“I think children are the most important community to explore in this work,” Kosik said, “because that’s when our thoughts and stereotypes about other people are forming – as very young kids. So if we can get there first, and set good examples, then maybe we can prevent some of those stereotypes and hate from forming.”
Kosik was pursuing his Doctor of Ministry degree at Claremont School of Theology when he was researching interfaith dialogue programs for children, but couldn’t find any. So he decided to develop his own as his dissertation.
He decided to start by creating a weekend retreat – a short program for 3rd-5th graders in his community in the San Fernando Valley. Kosik chose this age group because he thought they would be “the perfect sponge” for the kind of information he wanted to teach. The theme of friendship focused on how to develop friendships with people of different backgrounds.
After working with kids at his church for 10 years as associate pastor, Kosik felt confident in developing a schedule of activities for the participants, but faced challenges in encouraging families to participate at first. Many needed to be reassured that the goal of the program was not to convert kids to a certain faith.
After several months of preparations, Kosik was joined by 15 youth and parent chaperones, balanced from all three Abrahamic traditions, for a weekend trip to Loch Leven, the Disciples camp center in the Pacific Southwest region.
Kosik heard interfaith dialogue begin before the group arrived at the camp site. On the van ride a boy from his church turned to the Jewish boy next to him and asked, “So how is temple different from church?” The two boys talked about what they each do during worship, and then the conversation turned back to comic books.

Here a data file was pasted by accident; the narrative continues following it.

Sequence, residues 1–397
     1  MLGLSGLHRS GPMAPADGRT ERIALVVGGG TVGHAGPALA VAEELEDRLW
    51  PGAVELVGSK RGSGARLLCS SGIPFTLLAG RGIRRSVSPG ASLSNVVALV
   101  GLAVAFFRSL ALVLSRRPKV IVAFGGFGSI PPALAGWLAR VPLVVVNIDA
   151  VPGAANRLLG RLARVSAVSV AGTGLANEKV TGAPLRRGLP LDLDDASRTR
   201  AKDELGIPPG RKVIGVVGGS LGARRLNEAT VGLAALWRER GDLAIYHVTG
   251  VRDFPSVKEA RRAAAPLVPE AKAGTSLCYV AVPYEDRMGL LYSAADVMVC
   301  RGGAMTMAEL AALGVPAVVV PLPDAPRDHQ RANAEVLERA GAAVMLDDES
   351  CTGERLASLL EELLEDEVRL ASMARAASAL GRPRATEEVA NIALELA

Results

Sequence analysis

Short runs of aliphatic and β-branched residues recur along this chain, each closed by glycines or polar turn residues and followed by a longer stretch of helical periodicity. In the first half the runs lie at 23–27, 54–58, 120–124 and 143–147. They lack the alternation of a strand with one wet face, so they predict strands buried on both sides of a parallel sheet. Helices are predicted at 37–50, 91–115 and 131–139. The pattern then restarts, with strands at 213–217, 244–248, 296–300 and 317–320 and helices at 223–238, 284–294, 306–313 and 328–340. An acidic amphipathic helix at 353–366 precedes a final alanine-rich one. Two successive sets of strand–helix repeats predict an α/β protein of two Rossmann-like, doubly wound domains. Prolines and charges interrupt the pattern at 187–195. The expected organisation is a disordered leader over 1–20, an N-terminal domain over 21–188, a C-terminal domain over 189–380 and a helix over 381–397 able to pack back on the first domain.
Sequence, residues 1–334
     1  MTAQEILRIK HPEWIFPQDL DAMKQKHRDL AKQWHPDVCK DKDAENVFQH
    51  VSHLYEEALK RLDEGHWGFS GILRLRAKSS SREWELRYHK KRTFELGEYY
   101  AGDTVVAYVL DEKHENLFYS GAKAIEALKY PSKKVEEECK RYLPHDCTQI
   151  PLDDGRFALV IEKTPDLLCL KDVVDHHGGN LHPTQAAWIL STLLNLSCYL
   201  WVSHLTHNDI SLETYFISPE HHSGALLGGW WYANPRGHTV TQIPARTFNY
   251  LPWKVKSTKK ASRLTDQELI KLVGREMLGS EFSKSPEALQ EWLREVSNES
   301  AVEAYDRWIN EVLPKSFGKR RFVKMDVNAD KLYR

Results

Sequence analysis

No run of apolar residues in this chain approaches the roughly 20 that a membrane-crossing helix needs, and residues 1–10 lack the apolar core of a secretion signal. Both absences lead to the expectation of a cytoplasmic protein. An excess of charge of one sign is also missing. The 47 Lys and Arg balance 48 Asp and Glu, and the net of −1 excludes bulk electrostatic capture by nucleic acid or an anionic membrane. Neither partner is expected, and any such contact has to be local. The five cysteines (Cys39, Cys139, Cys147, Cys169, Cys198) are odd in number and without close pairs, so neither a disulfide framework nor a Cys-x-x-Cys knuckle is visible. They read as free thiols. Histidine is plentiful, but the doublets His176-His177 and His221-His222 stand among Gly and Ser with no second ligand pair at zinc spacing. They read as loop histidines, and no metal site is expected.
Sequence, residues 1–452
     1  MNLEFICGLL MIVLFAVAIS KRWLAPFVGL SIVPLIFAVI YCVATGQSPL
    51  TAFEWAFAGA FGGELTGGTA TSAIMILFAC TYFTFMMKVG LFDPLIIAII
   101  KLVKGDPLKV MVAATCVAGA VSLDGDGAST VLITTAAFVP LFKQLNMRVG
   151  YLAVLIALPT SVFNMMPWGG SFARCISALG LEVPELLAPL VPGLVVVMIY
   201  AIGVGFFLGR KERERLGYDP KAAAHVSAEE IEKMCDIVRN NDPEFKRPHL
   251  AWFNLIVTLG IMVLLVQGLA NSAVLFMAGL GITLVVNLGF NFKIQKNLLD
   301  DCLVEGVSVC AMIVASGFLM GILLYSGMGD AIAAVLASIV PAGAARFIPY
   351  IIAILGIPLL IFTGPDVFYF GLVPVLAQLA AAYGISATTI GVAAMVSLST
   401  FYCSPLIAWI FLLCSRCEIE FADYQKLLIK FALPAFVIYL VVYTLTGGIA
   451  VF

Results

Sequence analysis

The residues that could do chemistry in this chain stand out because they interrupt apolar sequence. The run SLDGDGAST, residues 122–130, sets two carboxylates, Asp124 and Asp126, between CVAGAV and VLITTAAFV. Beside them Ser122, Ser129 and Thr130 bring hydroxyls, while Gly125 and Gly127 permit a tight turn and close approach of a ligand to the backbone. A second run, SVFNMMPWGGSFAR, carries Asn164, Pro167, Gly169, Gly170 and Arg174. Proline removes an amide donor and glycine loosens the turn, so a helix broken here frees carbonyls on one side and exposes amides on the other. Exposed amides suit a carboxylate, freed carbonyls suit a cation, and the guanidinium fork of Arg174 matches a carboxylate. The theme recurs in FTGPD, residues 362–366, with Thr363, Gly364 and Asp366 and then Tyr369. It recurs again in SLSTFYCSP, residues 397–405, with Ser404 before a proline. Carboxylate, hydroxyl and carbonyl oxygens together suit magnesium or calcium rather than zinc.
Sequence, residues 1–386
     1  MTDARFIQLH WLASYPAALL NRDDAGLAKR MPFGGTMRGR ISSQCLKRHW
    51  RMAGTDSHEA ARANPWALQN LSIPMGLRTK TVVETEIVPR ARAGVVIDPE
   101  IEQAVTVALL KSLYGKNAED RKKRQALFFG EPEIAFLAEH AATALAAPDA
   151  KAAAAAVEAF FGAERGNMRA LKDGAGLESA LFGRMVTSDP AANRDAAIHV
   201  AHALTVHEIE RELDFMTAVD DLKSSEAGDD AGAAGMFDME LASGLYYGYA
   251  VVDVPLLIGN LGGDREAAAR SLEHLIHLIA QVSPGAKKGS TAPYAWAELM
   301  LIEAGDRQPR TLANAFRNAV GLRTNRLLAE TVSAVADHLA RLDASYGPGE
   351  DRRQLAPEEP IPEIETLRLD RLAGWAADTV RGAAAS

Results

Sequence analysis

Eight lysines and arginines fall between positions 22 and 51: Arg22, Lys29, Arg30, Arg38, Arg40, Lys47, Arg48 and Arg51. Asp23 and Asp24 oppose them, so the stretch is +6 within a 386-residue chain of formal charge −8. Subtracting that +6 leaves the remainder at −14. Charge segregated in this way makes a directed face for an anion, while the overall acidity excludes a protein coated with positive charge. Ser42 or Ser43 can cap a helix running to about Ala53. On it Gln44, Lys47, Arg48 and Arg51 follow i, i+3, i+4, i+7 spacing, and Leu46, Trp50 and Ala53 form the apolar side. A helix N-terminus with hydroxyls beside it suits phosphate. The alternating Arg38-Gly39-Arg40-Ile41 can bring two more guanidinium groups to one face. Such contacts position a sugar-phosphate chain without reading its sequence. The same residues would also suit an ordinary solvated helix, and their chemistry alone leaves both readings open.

“Kids aren’t threatened to ask questions like that,” Kosik said. “Everything is new for them. So they’re not judging what’s normal and what’s weird the same way that adults do. If we can put these conversations and experiences in front of them, they can take it in as information, without bias.”
Throughout the weekend, the youth and adults played games, made crafts, ate, and worshiped together. They wrote and performed skits about making new friends with someone who looks different.
That celebration of diversity, to Kosik, was the most important part of interfaith dialogue. “It’s tempting to focus only on what we can all find in common – but it’s important to be able to acknowledge and celebrate our differences. Kids have no problem doing that.”
“If we can present a positive image of the other unobtrusively it gives them a tool to use when they’re confronted with bigotry, to be able to speak to what they’ve experienced. Our goal with this retreat was more than just spending time together, but also learning to feel comfortable asking questions of each other in really easy, basic, and comfortable ways.”
The next step in this now-ongoing project is writing. He wants to expand on his dissertation research, and publish a book as a how-to guide for beginning interfaith dialogue with youth – including chapters on issues to think about when pursuing this work, as well as ideas for activities and conversation starters to begin.
“When you think about the stories of Jesus, from the Good Samaritan to the Woman at the Well, this is what he talked about – loving and caring for the other.”